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MISSION FURNITURE

HOW TO MAKE IT

PART TWO


POPULAR MECHANICS HANDBOOKS


CHICAGO

POPULAR MECHANICS COMPANY

Copyrighted, 1910 By H. H. WINDSOR

AN OAK BUFFET



Finished Buffet


Details of Buffet

The accompanying sketch and detail drawing show a design of a buffet wherein refinement of outline and harmony of details are conspicuously regarded. Quarter-sawed oak is the most suitable wood for this handsome piece of mission furniture. The material should be ordered from the mill ready cut  to length, squared and sanded. Following is a list of the stock needed:

Start to work on the four posts by squaring them up to the proper length in pairs and beveling the tops as shown. Clamp all four pieces on a flat surface with the bottom ends even, then lay out the mortises for the rails and panels on all four pieces at once with a try-square. This insures getting the mortises all the same height. The back posts also have a mortise cut in them at the top for the back board as shown. Lay out the tenons on the ends of the front and back rails in the same manner. Cut them to fit the mortises in the posts, also rabbet the back rails for the backing. Cut tenons on the end rails and rabbet them and the side pieces for the panels.

Lay out the top and bottom boards to the proper  size and notch the corners to fit about the posts. These boards are fastened to the 1-1/2-in. square rails with dowels and glue. They can now be glued together and set away to dry. The top board is of oak, and be sure to get the best side up, while the bottom one can be made of soft wood if desired.

The partitions are made of several boards glued together. Be careful to get an oak board on the outer edge. The drawer slides are set into the partitions as shown and are fastened in place with screws from the inside.

The top back board has a tenon on each end that fits into the mortises in the back posts and is rounded at the top as shown. The shelf is also rounded at the ends and is fastened to the back with screws.

A plate glass mirror should be provided for the back. This is fitted to the back board as shown, then the brackets put up at the ends of the mirror frame.

The main parts are now ready to be assembled and glued together. Before applying any glue, see that all the joints fit together perfectly. The end rails and the panels are glued together first and allowed to dry. Be very careful to get the parts clamped together perfectly square and straight, else you will have trouble later on. When these ends are dry slip them on the tenons on the front and back rails which are already fastened to the top and bottom boards.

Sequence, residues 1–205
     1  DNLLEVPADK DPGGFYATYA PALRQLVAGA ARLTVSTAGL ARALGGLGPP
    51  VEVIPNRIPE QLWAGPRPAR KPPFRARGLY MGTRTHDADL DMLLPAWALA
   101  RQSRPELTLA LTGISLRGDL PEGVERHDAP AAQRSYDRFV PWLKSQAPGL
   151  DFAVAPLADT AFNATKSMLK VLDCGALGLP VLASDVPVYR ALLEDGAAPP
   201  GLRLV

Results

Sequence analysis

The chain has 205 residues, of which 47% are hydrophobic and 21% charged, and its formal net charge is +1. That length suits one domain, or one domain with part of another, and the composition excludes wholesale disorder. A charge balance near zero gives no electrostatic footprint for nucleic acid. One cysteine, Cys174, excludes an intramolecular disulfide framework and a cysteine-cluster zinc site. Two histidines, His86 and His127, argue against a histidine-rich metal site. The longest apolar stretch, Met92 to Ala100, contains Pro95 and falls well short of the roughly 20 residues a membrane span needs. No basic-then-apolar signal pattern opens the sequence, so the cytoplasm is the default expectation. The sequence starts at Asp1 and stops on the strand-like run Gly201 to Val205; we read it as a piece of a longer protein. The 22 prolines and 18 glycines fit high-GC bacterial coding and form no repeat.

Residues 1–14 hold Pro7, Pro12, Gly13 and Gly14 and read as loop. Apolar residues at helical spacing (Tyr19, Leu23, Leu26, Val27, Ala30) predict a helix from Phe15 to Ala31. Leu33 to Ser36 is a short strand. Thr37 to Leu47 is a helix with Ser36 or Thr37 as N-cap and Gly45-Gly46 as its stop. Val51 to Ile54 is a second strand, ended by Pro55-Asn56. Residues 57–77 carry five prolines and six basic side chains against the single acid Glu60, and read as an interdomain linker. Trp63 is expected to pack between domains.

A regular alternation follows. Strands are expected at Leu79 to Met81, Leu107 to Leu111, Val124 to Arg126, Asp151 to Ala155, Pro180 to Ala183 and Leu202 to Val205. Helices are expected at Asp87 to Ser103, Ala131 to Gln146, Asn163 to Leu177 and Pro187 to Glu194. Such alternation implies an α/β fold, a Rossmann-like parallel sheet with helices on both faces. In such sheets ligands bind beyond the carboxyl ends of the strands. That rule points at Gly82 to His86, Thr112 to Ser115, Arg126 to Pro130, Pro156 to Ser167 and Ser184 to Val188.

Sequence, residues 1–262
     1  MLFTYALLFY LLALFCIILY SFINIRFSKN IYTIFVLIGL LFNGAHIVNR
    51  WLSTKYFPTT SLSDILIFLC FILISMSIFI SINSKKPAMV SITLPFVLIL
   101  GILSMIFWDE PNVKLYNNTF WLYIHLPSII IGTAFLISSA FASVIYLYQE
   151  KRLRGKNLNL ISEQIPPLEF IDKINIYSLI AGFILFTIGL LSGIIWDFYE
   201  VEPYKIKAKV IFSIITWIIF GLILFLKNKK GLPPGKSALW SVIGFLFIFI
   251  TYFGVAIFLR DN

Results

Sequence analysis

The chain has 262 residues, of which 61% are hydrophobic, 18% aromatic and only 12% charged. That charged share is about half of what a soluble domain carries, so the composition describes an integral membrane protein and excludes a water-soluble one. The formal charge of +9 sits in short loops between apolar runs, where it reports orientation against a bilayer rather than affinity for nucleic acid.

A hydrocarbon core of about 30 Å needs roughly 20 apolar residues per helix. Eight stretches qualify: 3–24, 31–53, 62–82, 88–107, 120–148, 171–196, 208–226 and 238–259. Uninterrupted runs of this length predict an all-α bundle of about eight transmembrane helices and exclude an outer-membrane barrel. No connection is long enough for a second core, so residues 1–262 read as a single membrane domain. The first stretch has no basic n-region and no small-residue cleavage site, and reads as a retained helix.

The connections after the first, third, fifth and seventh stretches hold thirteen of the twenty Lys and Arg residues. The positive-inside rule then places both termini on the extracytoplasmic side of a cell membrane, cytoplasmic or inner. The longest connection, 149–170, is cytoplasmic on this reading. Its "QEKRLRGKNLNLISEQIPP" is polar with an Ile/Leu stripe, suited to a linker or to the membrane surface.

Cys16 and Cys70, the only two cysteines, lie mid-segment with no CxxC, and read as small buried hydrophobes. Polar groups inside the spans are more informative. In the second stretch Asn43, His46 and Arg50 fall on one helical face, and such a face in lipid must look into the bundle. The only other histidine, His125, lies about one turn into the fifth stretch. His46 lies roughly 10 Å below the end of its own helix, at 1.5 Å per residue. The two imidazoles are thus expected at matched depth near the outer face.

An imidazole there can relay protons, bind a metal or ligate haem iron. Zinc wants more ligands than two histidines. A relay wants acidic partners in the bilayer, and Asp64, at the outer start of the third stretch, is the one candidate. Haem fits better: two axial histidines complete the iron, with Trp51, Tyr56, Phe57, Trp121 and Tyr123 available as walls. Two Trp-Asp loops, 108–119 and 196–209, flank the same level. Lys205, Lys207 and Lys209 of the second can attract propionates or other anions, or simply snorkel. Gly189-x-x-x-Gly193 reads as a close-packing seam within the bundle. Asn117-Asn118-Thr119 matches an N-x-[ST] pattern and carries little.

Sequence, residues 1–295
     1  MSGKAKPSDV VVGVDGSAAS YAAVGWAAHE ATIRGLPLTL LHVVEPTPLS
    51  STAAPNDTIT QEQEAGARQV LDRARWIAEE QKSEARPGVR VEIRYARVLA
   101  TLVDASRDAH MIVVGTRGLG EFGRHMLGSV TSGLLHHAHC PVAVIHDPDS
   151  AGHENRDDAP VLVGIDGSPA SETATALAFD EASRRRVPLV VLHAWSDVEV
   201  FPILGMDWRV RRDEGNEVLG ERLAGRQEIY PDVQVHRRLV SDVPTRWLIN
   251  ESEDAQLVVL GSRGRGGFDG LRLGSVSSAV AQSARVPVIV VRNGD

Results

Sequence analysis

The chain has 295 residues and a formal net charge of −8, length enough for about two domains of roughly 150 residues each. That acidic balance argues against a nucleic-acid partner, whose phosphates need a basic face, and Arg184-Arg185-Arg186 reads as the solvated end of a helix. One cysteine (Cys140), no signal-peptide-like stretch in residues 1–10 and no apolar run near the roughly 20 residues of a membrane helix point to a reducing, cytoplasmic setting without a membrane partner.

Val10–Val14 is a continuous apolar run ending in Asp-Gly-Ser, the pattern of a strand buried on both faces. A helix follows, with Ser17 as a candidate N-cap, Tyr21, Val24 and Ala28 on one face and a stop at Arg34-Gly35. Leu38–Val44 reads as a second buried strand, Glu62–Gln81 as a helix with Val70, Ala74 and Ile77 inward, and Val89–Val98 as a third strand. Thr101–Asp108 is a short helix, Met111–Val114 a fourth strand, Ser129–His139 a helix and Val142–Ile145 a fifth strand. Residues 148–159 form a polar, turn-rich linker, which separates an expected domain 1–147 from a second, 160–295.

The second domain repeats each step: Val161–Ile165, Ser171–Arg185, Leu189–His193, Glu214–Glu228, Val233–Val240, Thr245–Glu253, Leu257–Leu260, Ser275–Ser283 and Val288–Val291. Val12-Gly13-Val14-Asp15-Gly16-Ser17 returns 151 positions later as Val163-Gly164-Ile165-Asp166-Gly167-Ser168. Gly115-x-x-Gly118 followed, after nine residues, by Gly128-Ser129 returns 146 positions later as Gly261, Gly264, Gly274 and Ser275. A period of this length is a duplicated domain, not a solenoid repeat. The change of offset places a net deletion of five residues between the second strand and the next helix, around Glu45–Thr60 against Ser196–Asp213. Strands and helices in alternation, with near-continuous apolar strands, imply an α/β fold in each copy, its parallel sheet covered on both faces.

The back board and the partitions must be in place when this is done. Pin and glue the joints and clamp the whole together square and leave to dry.

The doors are now made by mortising the top and bottom pieces to take the 3/8-in. panel which is glued in place. The drawers are made as shown in the  sketch. The front board should be oak, but the remainder can be made of soft wood. The joints are nailed and glued. Suitable hinges for the doors and handles for the drawers should be provided. Antique copper trimmings look very well with this style of furniture and can be secured at most any hardware store.

The back is made of soft wood and is put on in the usual manner. Scrape all surplus glue from about the joints, as stain will not take where there is any glue. Finish smooth with fine sandpaper, then apply the stain you like best. This can be any one of the many mission stains supplied by the trade for this purpose.


This book is one of the series of handbooks on industrial subjects being published by the Popular Mechanics Co. Like the magazine, these books are "written so you can understand it," and are intended to furnish information on mechanical subjects at a price within the reach of all. The texts and illustrations have been prepared expressly for this Handbook Series, by experts; are up-to-date, and have been revised by the editor of Popular Mechanics. The dimensions given in the stock list contained in the description of each piece of furniture illustrated in this book call for material mill-planed, sanded and cut to length. If the workman desires to have a complete home-made article, allowance must be made in the dimensions for planing and squaring the pieces. S-4-S and S-2-S are abbreviations for surface four sides and surface two sides.


Mission Furniture

  1. AN OAK BUFFET
  2. OAK STAIN
  3. A PLAIN OAK HALL CLOCK
  4. A ROCKING CHAIR
  5. A CURVED BACK ARM CHAIR
  6. A PLATE RACK
  7. TOOL FOR MARKING DOWEL HOLES
  8. A MAGAZINE TABLE
  9. A WASTE PAPER BASKET
  10. AN OAK WRITING DESK
  11. AN OAK COUCH WITH CUSHIONS
  12. ELECTRIC SHADE FOR THE DINING ROOM
  13. HOW TO BEND WOOD
  14. A SMOKING STAND
  15. A CHINA CLOSET
  16. A LEATHER-COVERED FOOTSTOOL
  17. ARTS-CRAFTS MANTEL CLOCK
  18. A MUSIC STAND
  19. MAKING SCREWS HOLD IN THE END GRAIN OF WOOD
  20. A WALL CASE WITH A MIRROR DOOR
  21. A SIDE CHAIR
  22. AN ARM CHAIR
  23. A BOOKCASE
  24. A LAMP STAND
  25. AN EXTENSION DINING TABLE
  26. AN OAK-BOUND CEDAR CHEST
  27. A TOOL FOR MAKING MORTISES
  28. A DRESSER FOR CHILD'S PLAYROOM
  29. CUTTING TENONS WITH A HAND-SAW
  30. ARTS AND CRAFTS OIL LAMP
  31. ANOTHER CHINA CLOSET
  32. AN OAK BEDSTEAD
  33. AN OAK FOOTSTOOL
  34. A LIBRARY SET IN PYRO-CARVING
  35. A GRILLE WITH PEDESTALS TO MATCH
  36. A LADY'S WRITING DESK
  37. A TELEPHONE STAND AND STOOL
  38. HOW TO MAKE A DOWEL-CUTTING TOOL
  39. A MEDICINE CABINET




                                                                
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Written and maintained by
Ronald Hunter
           
  All images and text are copyright Ronald Hunter 2005, 2006, 2007, 2008 & 2009.
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